As reported in the literature, mutations of the GALC gene in Krabbe disease are very heterogeneous. In Caucasians, the 30 kb large deletion reported by Rafi et al. (1995) and Luzi et al. (1995) was widespread within the patient population, having a frequency of 40–50%. Other mutations followed heterogeneous patterning. As in Caucasians, to date, examination of Japanese patients revealed 14 mutations with a very heterogeneous distribution. It was considered hard to screen the GALC mutation, because there is no common mutation in Japanese patients; as our results show, however, there are several common mutations. The most common mutation in Japanese patients is 12Del3Ins with a 0.22 allele frequency. The second most frequent mutation, I66M+I289V, has 0.15 prevalence. To date, these two mutations have been identified in Japanese patients only. These two mutations are also unique and difficult to conceive as recurrently occurring mutations. They might be derived from a founder; parents’ samples necessary for haplotype analysis were unavailable from most of the families, however.

Referring to Tables 1 and 4, the most common mutation (12Del3Ins) and the two other mutations (T652P and R515H) in the homozygous state (B1, B2, A6, and B5) resulted in the classic infantile phenotype. The second most common mutation, I66M+I289V, contributed to late-onset-type Krabbe disease, because the homozygous state of this mutation was found only in the adult type (patients A17 and B8), the mildest form of the disease, whereas the heterozygous state was detected in the juvenile or adult form (patients A12, A13, A14, and B9). This concordance strongly suggests that the existence of this mutation leads to the mild clinical phenotype. Because screening for this mutation might directly reveal a mild phenotype of Krabbe disease in Japanese patients, we propose a viable screening method using restriction enzyme digestion with PCR fragments for I66M (Fig. 1b) and I289V (Fig. 1c). For the missense mutations G270D and L618S, similar concordance is shown in Tables 1 and 4, demonstrating that it will be effective to screen for this mutation to estimate the mild phenotype.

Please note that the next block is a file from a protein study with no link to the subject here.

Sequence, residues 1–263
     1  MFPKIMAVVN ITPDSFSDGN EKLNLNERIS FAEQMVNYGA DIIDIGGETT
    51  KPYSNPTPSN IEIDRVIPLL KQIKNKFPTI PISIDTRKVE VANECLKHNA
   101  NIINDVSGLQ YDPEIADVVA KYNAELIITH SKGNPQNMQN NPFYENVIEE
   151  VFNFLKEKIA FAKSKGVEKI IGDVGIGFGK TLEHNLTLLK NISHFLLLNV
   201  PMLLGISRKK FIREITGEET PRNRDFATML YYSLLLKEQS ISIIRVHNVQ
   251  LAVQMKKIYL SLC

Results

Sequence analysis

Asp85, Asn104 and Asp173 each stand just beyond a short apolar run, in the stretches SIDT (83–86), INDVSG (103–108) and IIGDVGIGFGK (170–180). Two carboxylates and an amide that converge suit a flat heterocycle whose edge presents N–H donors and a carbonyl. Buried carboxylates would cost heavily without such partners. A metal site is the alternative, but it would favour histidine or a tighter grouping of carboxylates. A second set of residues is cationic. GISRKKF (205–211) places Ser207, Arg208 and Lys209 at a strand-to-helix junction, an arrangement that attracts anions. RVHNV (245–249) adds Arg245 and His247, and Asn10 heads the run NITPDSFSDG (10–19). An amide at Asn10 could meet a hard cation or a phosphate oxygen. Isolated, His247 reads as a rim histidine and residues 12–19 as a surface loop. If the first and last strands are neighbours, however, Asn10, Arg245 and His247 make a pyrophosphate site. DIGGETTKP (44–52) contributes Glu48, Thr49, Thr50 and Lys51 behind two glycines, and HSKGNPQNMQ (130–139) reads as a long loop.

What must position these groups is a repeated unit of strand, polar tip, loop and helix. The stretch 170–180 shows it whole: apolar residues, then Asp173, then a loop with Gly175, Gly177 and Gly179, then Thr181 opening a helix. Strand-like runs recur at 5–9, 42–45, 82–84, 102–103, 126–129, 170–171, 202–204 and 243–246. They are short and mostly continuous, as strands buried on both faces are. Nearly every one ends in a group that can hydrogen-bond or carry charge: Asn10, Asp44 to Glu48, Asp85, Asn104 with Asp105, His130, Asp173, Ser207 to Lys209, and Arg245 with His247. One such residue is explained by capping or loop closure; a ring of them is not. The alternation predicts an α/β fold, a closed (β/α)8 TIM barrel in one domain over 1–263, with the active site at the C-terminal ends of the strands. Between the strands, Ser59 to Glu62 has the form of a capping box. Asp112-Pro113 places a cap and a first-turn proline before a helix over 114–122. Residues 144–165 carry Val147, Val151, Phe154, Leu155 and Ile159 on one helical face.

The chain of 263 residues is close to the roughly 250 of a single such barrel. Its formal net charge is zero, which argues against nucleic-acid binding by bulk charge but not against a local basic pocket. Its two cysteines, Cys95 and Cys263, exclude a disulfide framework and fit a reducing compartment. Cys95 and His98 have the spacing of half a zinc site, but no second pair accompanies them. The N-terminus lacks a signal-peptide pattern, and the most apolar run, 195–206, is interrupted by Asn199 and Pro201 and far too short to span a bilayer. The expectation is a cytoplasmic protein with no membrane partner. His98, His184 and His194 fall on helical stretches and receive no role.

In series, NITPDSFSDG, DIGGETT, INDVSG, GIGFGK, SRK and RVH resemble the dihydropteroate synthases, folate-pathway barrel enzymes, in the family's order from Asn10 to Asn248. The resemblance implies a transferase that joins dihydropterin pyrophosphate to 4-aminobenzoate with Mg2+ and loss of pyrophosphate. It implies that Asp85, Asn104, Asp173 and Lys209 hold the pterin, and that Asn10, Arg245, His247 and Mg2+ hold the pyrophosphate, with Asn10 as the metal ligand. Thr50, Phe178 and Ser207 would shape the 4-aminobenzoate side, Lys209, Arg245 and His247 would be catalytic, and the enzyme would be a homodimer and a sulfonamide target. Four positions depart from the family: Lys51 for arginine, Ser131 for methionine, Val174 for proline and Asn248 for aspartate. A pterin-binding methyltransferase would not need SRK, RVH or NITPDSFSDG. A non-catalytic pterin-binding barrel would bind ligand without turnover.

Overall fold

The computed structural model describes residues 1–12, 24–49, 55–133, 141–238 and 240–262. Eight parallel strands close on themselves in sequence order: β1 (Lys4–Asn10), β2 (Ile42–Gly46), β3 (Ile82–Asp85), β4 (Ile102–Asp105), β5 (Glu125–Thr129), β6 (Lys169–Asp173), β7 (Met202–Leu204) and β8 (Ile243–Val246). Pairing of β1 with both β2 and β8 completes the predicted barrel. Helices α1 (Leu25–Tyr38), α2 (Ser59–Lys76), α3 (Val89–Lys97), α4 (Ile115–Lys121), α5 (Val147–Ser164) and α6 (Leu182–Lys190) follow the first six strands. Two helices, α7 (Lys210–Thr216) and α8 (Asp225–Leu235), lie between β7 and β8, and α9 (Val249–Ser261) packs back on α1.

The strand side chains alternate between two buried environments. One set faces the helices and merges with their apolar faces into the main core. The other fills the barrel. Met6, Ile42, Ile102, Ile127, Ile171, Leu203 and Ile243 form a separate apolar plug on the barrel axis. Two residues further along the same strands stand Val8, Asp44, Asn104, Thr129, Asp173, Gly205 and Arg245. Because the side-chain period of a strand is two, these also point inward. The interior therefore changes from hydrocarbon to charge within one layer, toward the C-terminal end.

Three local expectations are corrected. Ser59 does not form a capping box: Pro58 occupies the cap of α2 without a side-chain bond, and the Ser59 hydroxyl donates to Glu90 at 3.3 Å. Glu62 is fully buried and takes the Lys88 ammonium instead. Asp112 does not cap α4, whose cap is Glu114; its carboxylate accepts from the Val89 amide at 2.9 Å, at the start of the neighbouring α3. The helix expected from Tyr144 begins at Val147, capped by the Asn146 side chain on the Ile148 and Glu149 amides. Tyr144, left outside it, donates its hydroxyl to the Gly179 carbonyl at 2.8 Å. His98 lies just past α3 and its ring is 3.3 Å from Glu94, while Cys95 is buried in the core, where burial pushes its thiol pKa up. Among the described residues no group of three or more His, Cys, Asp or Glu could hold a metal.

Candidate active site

For most enzyme-deficiency diseases it is generally believed there is a correlation between residual enzyme activity and clinical severity; this does not appear to be true for Krabbe disease, however. The expression experiment did not always reveal better residual activity in late-onset patients. Harzer et al. (2002) analyzed substrate specificity for several mutations and, although the G270D mutation led to loss of enzymatic activity for galactocerebroside as its natural substrate, nearly normal activity for psychosine, its second substrate, was preserved. This paper supports the idea that measurement enzyme activity with one substrate does not necessarily lead to identification of an essential defect. It might be important to analyze the substrate specificity of L618S and I66M+I289V to elucidate genotype–phenotype correlation.

In a previous study, Furuya et al. (1997) investigated I66M+I289V allele expression, and found reduced enzymatic activity only when these two amino acid changes occurred on the same allele. We likewise confirmed that I66M and I289V occurred on the same strand and same peptide in all four patients. That I66M and I289V reside on the same strand suggests that each amino acid contributes to a different function, for example reaction center or substrate binding. Analysis of the structure of the crystallized protein might be important for future understanding of the mechanism of this mutation.


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This work was supported by grants from the Ministry of Education, Science, Sports and Culture of Japan and the Health and Labor Science Research.

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Correspondence to Norio Sakai.

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Xu, C., Sakai, N., Taniike, M. et al. Six novel mutations detected in the GALC gene in 17 Japanese patients with Krabbe disease, and new genotype–phenotype correlation. J Hum Genet 51, 548–554 (2006).

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  • Globoid cell leukodystrophy
  • Krabbe disease
  • Galactocerebrosidase
  • Mutation analysis
  • Genotype–phenotype correlation